“My kills are normally more successful because I take my time to set up,” Grayson said. That statement elicited an eye roll and “Yeah sure,” from William.

But they also respect each others’ skill. William’s favorite play is the quick-setup for a Speed Darkrai. “It does high damage really fast,” he said.

“He likes to get set up and then he’ll just sweep you,” Grayson said.

“I’m for the kill the minute I start playing,” his brother rejoined.

Though William said the game is “very simple once you have all the evolutions down,” the amount of detail, variation, conditional changing and consequence in Pokemon TCG is mind-boggling to a beginner.

The quick-setup for a Speed Darkrai is a complicated combination of all of the following (and probably more): An extra-powerful Darkrai Pokemon, Dark Cloak abilities, the Night Spear, the Pokemon Sableye, the Confuse Ray (yes, Pokemon can become befuddled), a Junk Hunt, and the probability of gaining new energy cards, like the Dark Patch or Ultra Ball or Computer Search.

The brothers, who live near Lake Wylie, initially had a hand-me-down deck from a cousin. A couple of years ago, a friend introduced them to the local league that regularly plays at Above Board Games in Fort Mill. Reynolds said there are about four or five leagues in the greater Charlotte area.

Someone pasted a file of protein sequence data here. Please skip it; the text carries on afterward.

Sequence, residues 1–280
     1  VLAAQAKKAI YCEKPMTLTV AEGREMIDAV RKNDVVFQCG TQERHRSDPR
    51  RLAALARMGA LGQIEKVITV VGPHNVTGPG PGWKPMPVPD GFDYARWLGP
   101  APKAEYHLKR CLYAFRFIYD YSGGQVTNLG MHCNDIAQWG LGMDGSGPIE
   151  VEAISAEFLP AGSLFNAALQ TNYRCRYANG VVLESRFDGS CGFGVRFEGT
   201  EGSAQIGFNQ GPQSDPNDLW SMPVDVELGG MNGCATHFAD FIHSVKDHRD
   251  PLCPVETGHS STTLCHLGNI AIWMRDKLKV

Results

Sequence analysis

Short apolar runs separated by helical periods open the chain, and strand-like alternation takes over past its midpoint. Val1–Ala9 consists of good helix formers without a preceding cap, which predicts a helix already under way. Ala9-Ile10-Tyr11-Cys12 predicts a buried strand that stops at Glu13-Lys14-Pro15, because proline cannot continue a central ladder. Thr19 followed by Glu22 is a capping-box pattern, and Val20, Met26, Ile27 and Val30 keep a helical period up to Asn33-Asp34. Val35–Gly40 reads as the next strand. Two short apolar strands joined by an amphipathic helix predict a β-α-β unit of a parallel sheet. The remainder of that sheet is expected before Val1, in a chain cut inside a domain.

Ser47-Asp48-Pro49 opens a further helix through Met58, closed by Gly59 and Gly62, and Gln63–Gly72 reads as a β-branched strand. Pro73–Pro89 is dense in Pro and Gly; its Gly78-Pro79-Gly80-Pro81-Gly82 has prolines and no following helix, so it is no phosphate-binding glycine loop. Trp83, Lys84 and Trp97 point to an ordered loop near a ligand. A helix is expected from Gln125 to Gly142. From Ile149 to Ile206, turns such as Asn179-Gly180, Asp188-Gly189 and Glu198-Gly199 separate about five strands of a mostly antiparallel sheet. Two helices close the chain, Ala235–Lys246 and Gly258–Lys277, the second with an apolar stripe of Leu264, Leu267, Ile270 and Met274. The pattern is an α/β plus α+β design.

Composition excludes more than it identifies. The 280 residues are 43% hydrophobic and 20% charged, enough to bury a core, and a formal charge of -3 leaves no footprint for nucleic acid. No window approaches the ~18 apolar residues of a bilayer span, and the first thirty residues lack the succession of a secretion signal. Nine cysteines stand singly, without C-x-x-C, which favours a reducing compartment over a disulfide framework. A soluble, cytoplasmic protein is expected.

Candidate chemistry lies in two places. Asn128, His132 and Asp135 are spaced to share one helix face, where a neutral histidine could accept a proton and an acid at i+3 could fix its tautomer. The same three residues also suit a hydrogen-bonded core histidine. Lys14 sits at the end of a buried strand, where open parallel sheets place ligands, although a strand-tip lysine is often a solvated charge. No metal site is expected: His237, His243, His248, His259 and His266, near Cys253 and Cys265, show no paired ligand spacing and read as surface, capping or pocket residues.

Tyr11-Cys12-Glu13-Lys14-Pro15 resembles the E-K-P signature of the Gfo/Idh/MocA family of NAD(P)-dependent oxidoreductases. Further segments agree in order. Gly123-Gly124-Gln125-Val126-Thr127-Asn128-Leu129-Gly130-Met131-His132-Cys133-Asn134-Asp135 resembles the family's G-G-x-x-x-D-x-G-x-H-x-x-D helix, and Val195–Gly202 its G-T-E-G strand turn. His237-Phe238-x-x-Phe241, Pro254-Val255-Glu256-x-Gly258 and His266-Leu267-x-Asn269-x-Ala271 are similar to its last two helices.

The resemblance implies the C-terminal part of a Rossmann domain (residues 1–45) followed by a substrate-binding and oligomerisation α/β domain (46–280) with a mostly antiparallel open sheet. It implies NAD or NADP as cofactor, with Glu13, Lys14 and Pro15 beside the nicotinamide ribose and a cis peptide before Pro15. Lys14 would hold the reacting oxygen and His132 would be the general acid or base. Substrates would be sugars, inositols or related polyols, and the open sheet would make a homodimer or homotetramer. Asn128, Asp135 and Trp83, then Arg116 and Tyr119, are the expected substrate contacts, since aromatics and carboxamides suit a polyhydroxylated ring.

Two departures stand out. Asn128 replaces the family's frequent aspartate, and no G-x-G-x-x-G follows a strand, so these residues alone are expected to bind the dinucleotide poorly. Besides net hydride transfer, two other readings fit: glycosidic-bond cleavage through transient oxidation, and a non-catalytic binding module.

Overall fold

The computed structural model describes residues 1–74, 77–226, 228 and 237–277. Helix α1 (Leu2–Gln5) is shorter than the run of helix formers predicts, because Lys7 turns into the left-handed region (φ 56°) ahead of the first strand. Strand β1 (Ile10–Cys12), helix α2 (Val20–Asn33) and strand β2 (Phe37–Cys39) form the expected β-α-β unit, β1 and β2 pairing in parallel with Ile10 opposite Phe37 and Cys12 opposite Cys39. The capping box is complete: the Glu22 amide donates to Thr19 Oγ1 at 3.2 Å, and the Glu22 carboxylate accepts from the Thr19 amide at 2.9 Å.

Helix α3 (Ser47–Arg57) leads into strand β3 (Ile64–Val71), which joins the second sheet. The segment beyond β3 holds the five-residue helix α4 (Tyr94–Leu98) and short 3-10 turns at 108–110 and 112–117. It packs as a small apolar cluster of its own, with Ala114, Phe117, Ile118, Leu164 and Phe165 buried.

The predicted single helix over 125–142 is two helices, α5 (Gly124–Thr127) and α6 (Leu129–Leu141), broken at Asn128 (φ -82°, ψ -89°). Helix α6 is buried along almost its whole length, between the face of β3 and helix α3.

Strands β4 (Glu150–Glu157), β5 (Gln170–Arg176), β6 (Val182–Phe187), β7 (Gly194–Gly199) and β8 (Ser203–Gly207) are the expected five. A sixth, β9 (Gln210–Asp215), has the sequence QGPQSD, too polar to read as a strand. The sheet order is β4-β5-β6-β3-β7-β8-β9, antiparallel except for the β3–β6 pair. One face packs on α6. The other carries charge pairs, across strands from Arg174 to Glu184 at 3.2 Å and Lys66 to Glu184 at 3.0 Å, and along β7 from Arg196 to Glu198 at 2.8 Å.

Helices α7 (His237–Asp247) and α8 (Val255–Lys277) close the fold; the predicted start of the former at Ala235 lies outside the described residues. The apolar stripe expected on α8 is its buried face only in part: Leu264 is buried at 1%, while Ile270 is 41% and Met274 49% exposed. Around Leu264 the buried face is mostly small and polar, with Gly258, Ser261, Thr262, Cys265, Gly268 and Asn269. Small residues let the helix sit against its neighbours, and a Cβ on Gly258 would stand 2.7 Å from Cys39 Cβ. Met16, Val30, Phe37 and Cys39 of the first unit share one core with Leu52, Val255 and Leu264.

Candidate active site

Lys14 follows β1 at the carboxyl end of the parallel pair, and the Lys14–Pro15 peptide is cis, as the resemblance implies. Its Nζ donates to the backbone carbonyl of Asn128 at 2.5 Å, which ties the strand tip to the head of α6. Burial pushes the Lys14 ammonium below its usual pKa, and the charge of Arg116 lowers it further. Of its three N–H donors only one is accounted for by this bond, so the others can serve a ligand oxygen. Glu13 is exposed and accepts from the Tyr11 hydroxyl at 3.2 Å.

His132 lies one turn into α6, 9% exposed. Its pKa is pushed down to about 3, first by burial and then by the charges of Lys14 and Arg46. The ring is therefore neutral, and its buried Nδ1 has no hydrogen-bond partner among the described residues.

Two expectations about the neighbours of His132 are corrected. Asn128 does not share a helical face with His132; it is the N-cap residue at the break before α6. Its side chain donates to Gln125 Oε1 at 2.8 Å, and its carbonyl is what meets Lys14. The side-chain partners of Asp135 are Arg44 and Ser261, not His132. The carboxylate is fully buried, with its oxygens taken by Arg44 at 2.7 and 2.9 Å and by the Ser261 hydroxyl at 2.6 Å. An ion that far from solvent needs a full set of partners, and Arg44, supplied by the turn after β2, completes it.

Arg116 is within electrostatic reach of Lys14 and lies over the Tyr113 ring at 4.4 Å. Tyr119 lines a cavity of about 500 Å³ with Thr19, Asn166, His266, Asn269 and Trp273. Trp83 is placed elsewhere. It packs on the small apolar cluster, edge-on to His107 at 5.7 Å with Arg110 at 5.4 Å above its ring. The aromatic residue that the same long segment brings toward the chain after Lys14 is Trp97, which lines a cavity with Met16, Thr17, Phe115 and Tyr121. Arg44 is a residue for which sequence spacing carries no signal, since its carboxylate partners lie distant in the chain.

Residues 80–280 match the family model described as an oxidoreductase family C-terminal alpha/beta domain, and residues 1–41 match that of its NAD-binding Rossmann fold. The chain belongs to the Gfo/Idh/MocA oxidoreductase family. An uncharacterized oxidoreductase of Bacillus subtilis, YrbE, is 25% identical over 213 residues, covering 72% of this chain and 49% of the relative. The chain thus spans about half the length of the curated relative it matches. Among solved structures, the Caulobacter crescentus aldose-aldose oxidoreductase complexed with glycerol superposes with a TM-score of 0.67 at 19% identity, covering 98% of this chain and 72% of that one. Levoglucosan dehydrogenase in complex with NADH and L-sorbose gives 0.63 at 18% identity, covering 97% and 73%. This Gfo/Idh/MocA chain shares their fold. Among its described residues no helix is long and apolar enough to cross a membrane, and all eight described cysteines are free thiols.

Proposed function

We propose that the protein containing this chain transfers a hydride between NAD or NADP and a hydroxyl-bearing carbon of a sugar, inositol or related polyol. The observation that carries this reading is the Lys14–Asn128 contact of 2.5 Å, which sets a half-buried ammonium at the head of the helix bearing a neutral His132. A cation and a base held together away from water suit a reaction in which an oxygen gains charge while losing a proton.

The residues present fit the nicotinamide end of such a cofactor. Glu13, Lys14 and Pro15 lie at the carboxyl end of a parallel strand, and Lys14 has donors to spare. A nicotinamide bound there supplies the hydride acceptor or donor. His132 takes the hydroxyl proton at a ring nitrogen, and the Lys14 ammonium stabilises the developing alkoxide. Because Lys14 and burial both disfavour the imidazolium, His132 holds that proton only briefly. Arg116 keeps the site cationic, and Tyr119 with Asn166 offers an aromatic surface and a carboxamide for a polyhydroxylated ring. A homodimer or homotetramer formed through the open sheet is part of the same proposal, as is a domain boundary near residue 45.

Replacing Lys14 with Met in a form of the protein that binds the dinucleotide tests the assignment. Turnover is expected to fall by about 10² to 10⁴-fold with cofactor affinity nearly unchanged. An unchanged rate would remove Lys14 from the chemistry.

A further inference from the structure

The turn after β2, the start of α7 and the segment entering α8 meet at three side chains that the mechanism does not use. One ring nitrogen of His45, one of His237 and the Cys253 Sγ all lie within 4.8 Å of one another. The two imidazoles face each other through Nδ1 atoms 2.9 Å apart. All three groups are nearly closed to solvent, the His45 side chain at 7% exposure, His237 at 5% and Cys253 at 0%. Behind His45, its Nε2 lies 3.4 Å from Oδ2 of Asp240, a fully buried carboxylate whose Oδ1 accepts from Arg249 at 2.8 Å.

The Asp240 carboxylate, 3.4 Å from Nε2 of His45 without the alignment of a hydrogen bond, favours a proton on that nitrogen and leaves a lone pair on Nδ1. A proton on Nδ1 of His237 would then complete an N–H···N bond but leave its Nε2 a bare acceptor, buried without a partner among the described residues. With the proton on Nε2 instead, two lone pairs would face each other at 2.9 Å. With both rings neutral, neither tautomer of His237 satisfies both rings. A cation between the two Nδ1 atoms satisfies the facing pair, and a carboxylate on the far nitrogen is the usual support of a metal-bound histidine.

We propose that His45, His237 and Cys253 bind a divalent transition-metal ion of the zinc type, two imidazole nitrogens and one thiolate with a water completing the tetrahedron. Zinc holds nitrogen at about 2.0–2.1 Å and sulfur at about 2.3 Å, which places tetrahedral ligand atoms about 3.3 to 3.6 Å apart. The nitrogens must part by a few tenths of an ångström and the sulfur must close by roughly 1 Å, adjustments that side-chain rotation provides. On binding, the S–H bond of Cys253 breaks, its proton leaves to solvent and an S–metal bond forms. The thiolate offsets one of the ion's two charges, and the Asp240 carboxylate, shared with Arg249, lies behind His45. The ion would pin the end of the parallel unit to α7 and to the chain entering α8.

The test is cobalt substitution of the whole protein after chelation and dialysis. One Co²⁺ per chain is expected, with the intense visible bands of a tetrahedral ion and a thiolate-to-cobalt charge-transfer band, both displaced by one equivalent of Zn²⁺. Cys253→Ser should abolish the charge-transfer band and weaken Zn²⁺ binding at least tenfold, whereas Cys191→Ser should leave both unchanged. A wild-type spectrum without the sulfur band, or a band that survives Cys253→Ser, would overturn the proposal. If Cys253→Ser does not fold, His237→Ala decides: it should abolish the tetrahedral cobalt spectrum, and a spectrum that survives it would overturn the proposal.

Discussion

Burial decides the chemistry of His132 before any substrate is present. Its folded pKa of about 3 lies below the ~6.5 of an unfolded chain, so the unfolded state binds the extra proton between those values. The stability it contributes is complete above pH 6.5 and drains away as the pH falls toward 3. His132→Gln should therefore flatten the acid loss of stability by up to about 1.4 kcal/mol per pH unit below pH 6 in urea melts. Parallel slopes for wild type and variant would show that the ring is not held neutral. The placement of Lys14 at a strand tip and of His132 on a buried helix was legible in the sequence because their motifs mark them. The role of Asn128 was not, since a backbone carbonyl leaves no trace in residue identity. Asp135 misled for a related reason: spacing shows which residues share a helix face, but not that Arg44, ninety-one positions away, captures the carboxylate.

The brothers started competing in the fall of 2011. Last summer, their family traveled to Indianapolis to compete in the national tournament. Their first exposure to national talent was difficult.

“It’s pretty tough playing Pokemon,” Grayson said. “North Carolina is really different than most other places. You don’t see as many competitive decks.”

The Trowbridges will travel to Indianapolis again this summer, then go on to the world tournament in Vancouver, Canada. Players have to be invited to participate in worlds, and they have to have earned 400 points from playing in other tournaments. Grayson and William have already scored 400 points.

At the state championship games a few weeks ago, the Trowbridges faced some fierce competition.

The North Carolina tournament took place in a Cornelius game store. Grayson’s first competitor was a girl who had won the Maryland contest. (Players are not restricted by location and can compete anywhere. The brothers said they have a friend who likes to play in Canada because the games are less competitive there.)

Grayson said he knew most of the people in the competition, and had his eye on four other strong contenders. In the final rounds, one boy proved to be a particular challenge.

“I really didn’t think I was going to win. I was in the worst position I possibly could be,” Grayson said. “I somehow made a miraculous comeback. I top-decked (drew from the top) what I needed.”

“It was quite a comeback,” William agreed. He came in third place and took the top spot in the South Carolina championship in West Columbia.

In the final rounds, William played the Maryland champion again.

“She was doing massive amounts of damage,” William confessed.

“Massive,” Grayson echoed.

“She donked me in the first game (of three).” Donking is beating out your opponent after the first turn.

But then it was all over.

“The second game, she really didn’t have a chance,” William said. “I top-decked the card I needed. … It was very lucky.”

But championships aside, the brothers said making friends is the real highlight of competing.

“Most of the Pokemon players are kind and virtuous,” William said. “It’s fun. The most important thing is friends.”